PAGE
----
A year ago, Wade Miley went to camp with the Brewers as a 31-year-old minor-league free agent. He was coming off a disastrous season that saw him finish with a 128 ERA- with the Orioles. In truth, Miley wasn’t quite that bad — he also finished with an xFIP- of 106. But even 106 is unspectacular, and going into the season, expectations were modest. It wasn’t even guaranteed Miley would ever find a spot.
He wound up making 16 starts in a Brewers uniform, plus four more (technically) in the playoffs. In one sense, the Brewers got what they might’ve expected. Once again, Miley finished with an xFIP- of 106. But then, his ERA- settled at a ridiculous 63. In other words, while his xFIP- stayed exactly the same, he cut his ERA- in half. Miley finished with a better park-adjusted ERA than Corey Kluber. He finished with a better park-adjusted ERA than Gerrit Cole. He finished with a better park-adjusted ERA than Clayton Kershaw. The best and worst thing about baseball is that it doesn’t always have to make sense. Through one lens, Miley pitched as the ace of his team.
And now he’s going to take his pitching to Houston. Miley has signed with the Astros for a year and $4.5 million, with another $0.5 million in incentives. The Astros are likely to lose Dallas Keuchel. In Miley, they’re hoping to find an approximation.
Like Keuchel, Miley is a ground-balling southpaw with an underwhelming fastball. He’s never really suffered a major arm injury, and he pitches more around the zone than inside of it. Miley isn’t a high-strikeout sort, and he throws almost everything down, looking to get weak contact off the bat. Miley just finished fourth among starters in expected wOBA on batted balls. Keuchel finished eighth. The parallels are numerous, even though Keuchel has the far more impressive track record.
As Miley pitched in 2018, he didn’t just end up with a lower ERA. The major change he made was that he leaned heavily — and primarily — on a new cutter:
It’s a cutter he commanded well to the glove-side:
The cutter just rescued Anibal Sanchez’s career. The year-to-year increase in Miley’s cutter rate is one of the very largest on record. If you look only at 2018, you might think the cutter has turned into a magical pitch. Check out how the cutter-heavy starters out-pitched their peripherals:
On the other hand, 2017 wasn’t that long ago, and:
So we don’t have anything conclusive. Just some anecdotal hints. Last season, armed with a new cutter, Miley was able to suppress quality contact. He also finished with the 14th-worst K-BB% among 179 starters with at least 50 innings. Miley was simultaneously easy to hit and hard to hit. It worked out well for him for as long as he pitched.
We might not need to overcomplicate things. Going back to 2002, there have been more than 2,000 starters with at least 50 innings in consecutive seasons. I wanted to focus on the guys with the biggest differences between ERA- and xFIP-, like what Miley just put up. In year one, the 50 guys with the biggest differences averaged an ERA- lower than their xFIP- by 41 points. In year two, the difference regressed to two points. In year one, the 25 guys with the biggest differences averaged an ERA- lower than their xFIP- by 48 points. In year two, the difference regressed to…zero points. Just nothing to be found. Historically, xFIP has won out. Historically, regression has happened. Just because it feels like old sabermetrics doesn’t mean the principles don’t still apply.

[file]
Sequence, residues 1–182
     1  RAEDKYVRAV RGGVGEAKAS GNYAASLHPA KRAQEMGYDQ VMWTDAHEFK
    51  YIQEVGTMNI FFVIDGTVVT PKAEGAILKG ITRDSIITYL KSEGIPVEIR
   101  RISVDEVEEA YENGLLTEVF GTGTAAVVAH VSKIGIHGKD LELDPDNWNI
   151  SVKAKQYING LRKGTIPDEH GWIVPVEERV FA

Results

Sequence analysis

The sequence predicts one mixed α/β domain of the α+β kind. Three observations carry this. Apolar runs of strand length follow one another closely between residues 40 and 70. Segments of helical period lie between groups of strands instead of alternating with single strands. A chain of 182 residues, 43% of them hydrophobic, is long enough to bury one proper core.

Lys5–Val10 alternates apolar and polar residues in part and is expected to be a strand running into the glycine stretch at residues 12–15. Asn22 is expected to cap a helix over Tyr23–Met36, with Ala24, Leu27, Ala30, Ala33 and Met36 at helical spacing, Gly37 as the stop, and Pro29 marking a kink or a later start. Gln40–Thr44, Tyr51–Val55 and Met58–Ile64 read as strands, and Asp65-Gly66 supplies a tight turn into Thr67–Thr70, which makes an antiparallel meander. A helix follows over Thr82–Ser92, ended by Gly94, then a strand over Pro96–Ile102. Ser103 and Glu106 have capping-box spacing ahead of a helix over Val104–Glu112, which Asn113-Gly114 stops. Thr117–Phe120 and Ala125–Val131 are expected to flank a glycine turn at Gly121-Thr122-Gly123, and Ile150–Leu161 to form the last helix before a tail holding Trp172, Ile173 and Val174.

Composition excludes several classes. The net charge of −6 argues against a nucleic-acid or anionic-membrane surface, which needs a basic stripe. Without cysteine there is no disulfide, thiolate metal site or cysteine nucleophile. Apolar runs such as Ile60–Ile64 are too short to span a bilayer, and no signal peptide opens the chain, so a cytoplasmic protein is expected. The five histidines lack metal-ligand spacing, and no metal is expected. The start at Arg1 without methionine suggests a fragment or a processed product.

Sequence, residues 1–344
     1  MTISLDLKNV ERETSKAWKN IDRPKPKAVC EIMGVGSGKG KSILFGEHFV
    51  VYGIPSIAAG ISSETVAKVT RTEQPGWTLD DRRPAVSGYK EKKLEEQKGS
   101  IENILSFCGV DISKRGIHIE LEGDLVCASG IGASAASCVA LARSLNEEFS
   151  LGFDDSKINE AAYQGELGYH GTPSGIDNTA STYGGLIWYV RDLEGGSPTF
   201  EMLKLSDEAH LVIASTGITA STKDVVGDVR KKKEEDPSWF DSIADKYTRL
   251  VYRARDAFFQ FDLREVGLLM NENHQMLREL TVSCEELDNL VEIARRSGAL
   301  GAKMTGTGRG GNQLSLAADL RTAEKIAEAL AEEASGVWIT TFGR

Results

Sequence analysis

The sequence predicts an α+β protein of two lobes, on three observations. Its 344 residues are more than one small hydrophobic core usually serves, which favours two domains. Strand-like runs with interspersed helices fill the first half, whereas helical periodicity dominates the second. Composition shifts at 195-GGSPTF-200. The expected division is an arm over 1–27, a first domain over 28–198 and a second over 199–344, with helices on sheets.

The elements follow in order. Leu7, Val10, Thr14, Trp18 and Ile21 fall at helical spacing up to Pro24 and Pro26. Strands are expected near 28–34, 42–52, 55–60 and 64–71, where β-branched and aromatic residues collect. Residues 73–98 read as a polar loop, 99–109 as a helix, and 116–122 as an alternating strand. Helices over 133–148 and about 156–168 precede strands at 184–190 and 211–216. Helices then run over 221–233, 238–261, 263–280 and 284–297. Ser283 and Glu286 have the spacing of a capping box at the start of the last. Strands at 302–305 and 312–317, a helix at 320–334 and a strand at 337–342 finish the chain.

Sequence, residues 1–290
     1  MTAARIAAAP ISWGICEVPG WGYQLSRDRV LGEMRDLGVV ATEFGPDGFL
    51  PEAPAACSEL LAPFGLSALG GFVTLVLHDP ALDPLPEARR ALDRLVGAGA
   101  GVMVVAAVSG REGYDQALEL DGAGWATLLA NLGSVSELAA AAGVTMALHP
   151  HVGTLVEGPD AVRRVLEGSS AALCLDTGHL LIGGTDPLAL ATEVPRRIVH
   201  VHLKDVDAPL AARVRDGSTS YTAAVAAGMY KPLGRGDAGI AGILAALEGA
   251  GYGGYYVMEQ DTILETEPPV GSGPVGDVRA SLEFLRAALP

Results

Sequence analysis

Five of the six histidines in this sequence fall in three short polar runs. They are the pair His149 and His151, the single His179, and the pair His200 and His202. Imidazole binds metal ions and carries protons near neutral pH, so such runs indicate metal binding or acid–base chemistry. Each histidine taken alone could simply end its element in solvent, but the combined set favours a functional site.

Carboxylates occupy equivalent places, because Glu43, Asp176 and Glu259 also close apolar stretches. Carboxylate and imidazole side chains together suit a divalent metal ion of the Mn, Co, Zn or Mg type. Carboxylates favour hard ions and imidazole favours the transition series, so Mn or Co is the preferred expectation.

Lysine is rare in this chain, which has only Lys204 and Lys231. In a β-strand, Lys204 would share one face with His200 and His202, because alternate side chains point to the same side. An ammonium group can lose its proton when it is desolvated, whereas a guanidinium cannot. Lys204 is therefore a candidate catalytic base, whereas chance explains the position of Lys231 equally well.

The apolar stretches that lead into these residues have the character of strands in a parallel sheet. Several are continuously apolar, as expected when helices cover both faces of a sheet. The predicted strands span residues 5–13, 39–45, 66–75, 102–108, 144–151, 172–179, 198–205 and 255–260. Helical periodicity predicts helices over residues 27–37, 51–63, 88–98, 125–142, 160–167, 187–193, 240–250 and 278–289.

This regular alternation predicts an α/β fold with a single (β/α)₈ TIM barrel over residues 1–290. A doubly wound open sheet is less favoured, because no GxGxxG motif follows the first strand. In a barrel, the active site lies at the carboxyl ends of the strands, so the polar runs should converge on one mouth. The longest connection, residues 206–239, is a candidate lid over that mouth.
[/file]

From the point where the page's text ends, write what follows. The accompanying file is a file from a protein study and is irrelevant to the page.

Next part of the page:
So even though Miley just maintained a low ERA, even though he just generated weak contact, the number to keep in mind is that xFIP- of 106. Perhaps the Astros will squeeze out a little bit more. I don’t know if they’ve put together a detailed pitching plan. If they have, I don’t know if it’ll be an effective one. The best-case scenario is that Miley really does pitch like another Keuchel. Perhaps he’ll pitch like another CC Sabathia. There’s also a great chance he pitches like Wade Miley. That is, like a fourth or fifth starter, who needs a good defense behind him.
Thankfully for the Astros, they’re already great. Miley isn’t someone they need, not all season long. He’ll eat some innings until Forrest Whitley can pitch. He’ll eat some innings when Joshua James needs a break. He’ll eat some innings when Collin McHugh needs a break. And so on and so forth. Maybe the Astros feel like they have the key to making Miley terrific. More likely, they’re just fond of a good cutter, thrown by a durable arm. Miley and Keuchel do enough of the same things that you can’t blame the ballclub for choosing this path.
Jeff made Lookout Landing a thing, but he does not still write there about the Mariners. He does write here, sometimes about the Mariners, but usually not.